Steep rise in over 65s who stay in work in West Country
Senior citizens descended on Parliament yesterday to defend their vital age-related benefits – as it emerged that tens of thousands of West Country people are working beyond 65.
The National Pensioners Convention organised a protest meeting in the Commons, and lobbied MPs, over plans to means-test some payments.
The Western Daily Press reported last month on the controversy when Deputy Prime Minister Nick Clegg said wealthy pensioners should lose benefits such as free bus passes and winter fuel allowance. The Liberal Democrat leader backs an extra £16 billion of cuts and said it would be “very difficult to explain” if low-earners lost state help, yet affluent older folk were left alone.
Chairman of Weston-super-Mare Senior Citizens Forum Ken Lacey warned of the enormous administrative cost of means-testing, and said they had paid for their benefits over 50 years of working life.
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Yesterday’s Hands Off The Bus Pass demonstration drew campaigners from around the country to underline a message to MPs that cutting pensioner benefits will not help reduce the deficit.
NPC general secretary Dot Gibson said removing free bus passes might save the Government £1 million – but it would lead to isolation and social exclusion among the elderly.
“This idea that the country's economy is struggling because an army of millionaire pensioners are joy riding with their free bus passes is absolute nonsense.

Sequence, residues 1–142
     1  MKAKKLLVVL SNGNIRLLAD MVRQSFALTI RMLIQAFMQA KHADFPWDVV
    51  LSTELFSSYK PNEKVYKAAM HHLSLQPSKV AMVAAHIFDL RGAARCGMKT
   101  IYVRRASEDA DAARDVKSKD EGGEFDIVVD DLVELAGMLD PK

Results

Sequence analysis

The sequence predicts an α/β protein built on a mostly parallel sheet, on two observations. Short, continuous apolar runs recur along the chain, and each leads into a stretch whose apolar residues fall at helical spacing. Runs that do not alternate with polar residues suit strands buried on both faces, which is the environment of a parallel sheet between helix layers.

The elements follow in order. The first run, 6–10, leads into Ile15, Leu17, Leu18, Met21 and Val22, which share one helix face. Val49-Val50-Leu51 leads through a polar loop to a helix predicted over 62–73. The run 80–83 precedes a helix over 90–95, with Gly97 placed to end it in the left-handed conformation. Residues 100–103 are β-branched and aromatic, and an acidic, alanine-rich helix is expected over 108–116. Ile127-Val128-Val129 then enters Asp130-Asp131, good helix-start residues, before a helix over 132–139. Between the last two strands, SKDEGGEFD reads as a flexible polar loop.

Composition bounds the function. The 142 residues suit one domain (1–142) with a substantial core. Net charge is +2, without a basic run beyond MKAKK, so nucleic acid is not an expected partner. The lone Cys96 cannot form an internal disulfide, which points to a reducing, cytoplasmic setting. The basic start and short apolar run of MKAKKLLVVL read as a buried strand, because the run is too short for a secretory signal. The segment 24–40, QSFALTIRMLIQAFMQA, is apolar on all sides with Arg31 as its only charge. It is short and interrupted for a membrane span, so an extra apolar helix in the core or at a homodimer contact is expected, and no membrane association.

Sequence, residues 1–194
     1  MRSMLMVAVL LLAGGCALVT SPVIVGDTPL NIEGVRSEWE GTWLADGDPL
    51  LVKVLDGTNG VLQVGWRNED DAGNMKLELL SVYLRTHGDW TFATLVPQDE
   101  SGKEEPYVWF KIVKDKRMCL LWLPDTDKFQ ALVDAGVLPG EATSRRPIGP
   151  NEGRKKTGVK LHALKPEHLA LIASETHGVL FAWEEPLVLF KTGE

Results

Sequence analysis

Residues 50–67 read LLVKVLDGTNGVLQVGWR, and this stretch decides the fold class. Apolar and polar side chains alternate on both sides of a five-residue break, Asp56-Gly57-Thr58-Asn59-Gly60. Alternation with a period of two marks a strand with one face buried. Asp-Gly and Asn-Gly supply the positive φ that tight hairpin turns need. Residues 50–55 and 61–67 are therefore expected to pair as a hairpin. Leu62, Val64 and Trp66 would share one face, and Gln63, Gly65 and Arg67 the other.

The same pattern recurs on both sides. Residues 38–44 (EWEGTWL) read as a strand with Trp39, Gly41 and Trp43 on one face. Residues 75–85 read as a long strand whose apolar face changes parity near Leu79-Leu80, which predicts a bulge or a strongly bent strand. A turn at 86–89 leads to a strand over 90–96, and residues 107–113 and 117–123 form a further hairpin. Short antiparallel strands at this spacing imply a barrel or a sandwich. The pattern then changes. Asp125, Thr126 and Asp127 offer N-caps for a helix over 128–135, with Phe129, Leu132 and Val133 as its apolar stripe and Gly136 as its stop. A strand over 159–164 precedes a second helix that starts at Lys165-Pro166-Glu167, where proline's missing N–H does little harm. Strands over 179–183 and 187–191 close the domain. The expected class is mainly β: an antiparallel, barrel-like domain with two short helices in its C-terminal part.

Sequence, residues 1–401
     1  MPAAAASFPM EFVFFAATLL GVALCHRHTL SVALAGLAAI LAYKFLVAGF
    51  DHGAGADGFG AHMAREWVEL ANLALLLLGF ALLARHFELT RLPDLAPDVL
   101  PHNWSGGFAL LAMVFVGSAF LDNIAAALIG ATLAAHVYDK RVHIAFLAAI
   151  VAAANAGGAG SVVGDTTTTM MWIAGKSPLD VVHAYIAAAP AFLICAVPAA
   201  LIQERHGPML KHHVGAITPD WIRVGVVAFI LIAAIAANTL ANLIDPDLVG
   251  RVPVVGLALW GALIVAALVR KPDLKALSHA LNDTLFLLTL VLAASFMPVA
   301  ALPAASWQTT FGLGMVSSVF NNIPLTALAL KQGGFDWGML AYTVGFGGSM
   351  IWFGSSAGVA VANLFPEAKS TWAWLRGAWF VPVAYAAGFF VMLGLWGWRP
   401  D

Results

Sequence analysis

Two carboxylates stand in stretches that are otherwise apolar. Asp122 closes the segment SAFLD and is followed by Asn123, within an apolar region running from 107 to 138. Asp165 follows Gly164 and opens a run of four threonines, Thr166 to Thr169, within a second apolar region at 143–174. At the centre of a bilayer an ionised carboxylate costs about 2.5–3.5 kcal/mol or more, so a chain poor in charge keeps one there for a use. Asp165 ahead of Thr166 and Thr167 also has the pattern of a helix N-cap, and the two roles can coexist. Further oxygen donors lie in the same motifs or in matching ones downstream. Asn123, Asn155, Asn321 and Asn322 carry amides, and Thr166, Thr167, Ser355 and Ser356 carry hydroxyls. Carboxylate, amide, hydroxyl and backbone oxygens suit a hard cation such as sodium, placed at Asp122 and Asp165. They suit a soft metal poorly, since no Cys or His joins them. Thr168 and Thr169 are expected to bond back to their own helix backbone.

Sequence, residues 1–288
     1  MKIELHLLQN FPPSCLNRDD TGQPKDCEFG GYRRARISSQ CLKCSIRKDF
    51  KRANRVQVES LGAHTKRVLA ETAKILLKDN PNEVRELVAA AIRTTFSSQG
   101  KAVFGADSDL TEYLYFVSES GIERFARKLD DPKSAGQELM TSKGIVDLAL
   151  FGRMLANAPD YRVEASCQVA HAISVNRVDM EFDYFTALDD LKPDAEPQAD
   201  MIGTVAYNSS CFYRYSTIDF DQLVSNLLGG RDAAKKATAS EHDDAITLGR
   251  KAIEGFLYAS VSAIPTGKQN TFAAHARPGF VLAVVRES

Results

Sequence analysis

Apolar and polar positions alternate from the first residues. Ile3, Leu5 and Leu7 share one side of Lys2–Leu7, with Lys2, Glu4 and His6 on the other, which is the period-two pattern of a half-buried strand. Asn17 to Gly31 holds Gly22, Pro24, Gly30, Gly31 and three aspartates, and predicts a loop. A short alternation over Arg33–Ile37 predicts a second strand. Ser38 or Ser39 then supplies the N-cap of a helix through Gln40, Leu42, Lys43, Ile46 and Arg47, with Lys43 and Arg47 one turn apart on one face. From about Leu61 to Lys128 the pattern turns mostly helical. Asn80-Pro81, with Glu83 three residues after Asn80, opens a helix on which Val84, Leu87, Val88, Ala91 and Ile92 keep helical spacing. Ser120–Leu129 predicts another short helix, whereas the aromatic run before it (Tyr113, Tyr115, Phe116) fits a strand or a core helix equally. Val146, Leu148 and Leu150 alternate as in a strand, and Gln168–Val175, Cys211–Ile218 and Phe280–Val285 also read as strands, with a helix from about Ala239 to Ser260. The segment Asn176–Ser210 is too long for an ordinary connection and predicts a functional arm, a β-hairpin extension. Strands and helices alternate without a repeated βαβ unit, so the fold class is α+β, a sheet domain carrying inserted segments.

“The economic crisis is being used as an excuse to undermine the welfare state and roll back some of our hard earned gains – many of which are necessary because the UK has one of the worse state pensions in Europe.
“The truth is that every year pensioners contribute £40 billion to society in the form of taxes, voluntary work and unpaid caring.”
There are some 11 million people over state pension age in the UK and around 4.5 million pay tax at standard rate – and fewer than 250,000 at higher rate.
The remaining 6.4 million have an income below £10,500 and do not pay any income tax at all. The NPC says: “The universal benefits are therefore essential for the majority of pensioners, even those with incomes above the level of the Pension Credit of £7,500.”
Office of National Statistics data shows 88,000 people aged over 65 in the South West were working in August this year, 52,000 men and 36,000 women.
That is down from 105,000 on the same period in 2010, and is an employment rate of 8.5 per cent, for the age group.
As the Daily Press reported last week, Lord Bichard said retired folk should lose some of their pension unless they do community work such as caring for even older people. The controversial idea would stop senior citizens being a burden, the former benefits chief said.